By Jay McCall, Business Solutions magazine
Thinking about selling managed services? Follow these tips, and avoid the most common pitfalls.
Despite the economy still not being in great shape, the predictions for managed services growth look promising. Forrester is projecting managed services to grow globally at an annual rate of nearly 18%. Gartner’s research predicts that 90% of North American companies will use remote infrastructure managed services by 2014. While such statistics look very promising, they’re not a success guarantee for managed services providers. In fact, Marco LaVecchia, director of North American sales for N-able, sums it up best: “Managed services requires a completely different approach to sales and service than break-fix. Don’t ignore the technology — it’s critical, too — but make sure you’re not just focused on reselling technology.” In addition to LaVecchia, I spoke with two other industry experts to get their advice on the three most important things VARs need to know before selling managed services.
Understand The Economics Behind Managed Services
One of the most vital changes VARs have to realize is that selling managed services isn’t merely an addon to their existing business; it’s an entirely different business model. According to Dr. Alistair Forbes, general manager at GFI MAX, “A true managed services arrangement means that the MSP assumes the risk of supporting the customer’s environment and can no longer assume that any work the MSP does will generate revenue directly.” Even though recurring revenue is a more predictable form of income, the costs associated with providing managed services can be less predictable. “A failure to understand this can mean pitching at a price that causes the MSP to service the client at a profit loss or cut corners on service, which eventually causes customers to go away.”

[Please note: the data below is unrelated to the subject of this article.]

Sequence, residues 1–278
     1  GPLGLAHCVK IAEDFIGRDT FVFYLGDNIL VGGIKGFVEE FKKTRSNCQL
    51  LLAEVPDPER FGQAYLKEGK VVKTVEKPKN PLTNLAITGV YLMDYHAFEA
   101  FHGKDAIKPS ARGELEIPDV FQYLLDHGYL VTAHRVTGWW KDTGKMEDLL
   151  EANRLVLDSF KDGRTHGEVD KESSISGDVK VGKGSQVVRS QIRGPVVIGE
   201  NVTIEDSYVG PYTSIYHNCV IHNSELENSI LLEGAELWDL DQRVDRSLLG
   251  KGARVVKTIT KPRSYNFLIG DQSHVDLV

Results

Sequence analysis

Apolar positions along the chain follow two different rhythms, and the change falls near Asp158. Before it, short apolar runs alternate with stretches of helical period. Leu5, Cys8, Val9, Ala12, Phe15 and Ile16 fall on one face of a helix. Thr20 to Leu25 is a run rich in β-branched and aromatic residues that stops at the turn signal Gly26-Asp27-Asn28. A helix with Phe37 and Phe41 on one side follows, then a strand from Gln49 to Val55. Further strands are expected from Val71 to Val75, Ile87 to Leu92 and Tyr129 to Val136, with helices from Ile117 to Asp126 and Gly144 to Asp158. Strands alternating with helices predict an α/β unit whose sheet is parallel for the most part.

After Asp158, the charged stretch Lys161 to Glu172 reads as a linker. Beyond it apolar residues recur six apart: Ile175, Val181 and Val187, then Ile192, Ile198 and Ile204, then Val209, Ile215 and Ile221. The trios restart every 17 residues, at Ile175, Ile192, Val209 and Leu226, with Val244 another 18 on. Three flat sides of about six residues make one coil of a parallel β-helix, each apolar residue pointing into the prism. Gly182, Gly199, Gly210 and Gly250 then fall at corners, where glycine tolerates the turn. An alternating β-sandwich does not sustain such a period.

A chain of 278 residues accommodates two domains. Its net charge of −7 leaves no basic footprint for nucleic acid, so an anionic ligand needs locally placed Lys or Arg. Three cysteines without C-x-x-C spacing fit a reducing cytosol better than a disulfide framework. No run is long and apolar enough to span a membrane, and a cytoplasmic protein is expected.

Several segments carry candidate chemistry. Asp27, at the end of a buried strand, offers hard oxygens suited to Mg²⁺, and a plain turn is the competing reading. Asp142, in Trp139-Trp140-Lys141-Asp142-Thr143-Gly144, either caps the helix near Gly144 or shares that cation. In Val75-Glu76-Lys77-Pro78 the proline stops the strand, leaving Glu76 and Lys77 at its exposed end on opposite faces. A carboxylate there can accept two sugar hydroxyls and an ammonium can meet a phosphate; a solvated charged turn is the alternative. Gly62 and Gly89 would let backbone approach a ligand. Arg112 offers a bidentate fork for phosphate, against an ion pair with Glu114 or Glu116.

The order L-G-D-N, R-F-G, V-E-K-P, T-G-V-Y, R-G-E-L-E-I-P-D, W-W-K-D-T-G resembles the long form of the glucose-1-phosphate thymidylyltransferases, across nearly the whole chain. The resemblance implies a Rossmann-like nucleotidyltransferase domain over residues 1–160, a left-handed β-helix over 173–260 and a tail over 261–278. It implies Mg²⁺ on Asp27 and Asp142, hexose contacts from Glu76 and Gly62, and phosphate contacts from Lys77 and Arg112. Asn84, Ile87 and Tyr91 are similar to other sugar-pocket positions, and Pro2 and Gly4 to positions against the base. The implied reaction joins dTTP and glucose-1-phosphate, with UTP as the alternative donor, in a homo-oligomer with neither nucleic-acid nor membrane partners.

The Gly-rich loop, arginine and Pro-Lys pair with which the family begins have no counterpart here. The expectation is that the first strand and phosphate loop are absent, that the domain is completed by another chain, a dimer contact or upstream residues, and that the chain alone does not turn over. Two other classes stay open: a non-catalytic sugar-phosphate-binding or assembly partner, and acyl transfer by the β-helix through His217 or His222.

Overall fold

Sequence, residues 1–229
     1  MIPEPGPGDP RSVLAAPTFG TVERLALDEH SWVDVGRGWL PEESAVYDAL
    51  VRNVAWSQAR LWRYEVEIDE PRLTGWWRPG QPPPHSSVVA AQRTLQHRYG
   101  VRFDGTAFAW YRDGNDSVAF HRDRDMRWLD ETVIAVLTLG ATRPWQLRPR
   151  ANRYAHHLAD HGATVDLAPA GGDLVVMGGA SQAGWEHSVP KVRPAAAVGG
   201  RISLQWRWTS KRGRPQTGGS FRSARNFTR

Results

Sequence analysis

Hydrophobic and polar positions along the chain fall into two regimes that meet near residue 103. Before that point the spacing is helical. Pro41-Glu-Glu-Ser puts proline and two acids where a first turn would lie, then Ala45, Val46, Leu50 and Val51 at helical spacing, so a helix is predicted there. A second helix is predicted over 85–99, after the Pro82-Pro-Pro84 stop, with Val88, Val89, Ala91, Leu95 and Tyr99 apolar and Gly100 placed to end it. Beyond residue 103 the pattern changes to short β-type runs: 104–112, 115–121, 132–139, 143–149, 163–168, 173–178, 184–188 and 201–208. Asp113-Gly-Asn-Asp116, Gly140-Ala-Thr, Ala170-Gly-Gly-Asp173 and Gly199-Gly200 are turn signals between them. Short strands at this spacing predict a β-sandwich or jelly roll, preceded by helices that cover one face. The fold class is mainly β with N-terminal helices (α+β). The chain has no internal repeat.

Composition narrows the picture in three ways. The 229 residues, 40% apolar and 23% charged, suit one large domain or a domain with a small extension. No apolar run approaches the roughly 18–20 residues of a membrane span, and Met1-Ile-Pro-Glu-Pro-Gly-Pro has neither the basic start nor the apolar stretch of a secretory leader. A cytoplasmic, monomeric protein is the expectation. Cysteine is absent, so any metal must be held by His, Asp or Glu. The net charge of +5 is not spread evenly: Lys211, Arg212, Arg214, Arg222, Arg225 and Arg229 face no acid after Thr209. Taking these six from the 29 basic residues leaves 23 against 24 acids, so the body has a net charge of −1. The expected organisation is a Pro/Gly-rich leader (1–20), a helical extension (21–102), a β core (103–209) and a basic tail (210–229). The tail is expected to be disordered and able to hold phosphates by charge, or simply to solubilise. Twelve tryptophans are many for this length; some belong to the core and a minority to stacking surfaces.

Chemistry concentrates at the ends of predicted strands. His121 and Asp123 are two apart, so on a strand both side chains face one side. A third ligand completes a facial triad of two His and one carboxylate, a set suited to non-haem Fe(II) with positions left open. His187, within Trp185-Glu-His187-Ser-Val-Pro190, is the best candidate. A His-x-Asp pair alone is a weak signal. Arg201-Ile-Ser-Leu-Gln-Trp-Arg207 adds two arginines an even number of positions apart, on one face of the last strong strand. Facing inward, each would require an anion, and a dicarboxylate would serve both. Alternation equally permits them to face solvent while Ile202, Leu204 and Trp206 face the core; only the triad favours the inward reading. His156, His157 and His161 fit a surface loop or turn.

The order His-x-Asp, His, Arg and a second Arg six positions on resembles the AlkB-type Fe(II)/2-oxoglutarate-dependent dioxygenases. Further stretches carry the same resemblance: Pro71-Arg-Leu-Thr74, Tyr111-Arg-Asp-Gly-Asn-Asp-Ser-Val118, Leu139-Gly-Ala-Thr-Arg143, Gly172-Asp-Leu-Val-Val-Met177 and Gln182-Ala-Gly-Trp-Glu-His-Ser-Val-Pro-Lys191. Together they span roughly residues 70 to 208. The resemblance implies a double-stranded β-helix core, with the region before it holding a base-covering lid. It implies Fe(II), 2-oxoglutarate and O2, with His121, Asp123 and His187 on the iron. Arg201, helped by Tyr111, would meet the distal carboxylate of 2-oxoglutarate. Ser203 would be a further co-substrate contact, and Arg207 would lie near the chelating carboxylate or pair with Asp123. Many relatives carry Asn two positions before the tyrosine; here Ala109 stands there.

Matt Nachtrab, CEO of LabTech, concurs that this is extremely important for VARs to realize and adds, “The business plan is the first step VARs need to address. A good plan should address client conversations [i.e. the sales plan], the pricing model, SLAs [service level agreements], and the marketing strategy.”
All the experts agreed that one of the biggest culprits for mispriced managed services comes from skipping the network assessment. “Conducting a thorough network health check and agreeing to an initial piece of chargeable work with the customer to bring the network up to a sustainable state will avoid the MSP incurring large costs that will be difficult to recover later,” says Forbes.
Standardize Internal Systems And Processes
Profitability in managed services is all about delivering the highest quality of service at the lowest internal operating cost. “In a break-fix model, the provider can get away with inefficiencies because they are charging the customer for all the work they do, so there is less incentive to make sure that it is being done efficiently,” says Forbes.